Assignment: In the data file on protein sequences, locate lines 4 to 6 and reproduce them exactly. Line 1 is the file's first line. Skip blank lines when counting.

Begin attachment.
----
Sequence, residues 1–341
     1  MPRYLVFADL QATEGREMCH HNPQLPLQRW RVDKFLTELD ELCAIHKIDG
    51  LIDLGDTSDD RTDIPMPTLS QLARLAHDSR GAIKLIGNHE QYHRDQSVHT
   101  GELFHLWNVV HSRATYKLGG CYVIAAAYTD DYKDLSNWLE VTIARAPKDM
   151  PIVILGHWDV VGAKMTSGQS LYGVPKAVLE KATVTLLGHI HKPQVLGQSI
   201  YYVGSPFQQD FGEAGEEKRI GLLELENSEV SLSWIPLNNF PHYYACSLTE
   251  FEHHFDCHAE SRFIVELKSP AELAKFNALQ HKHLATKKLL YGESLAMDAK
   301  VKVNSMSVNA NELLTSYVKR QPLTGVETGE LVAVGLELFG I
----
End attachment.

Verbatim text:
   101  GELFHLWNVV HSRATYKLGG CYVIAAAYTD DYKDLSNWLE VTIARAPKDM
   151  PIVILGHWDV VGAKMTSGQS LYGVPKAVLE KATVTLLGHI HKPQVLGQSI
   201  YYVGSPFQQD FGEAGEEKRI GLLELENSEV SLSWIPLNNF PHYYACSLTE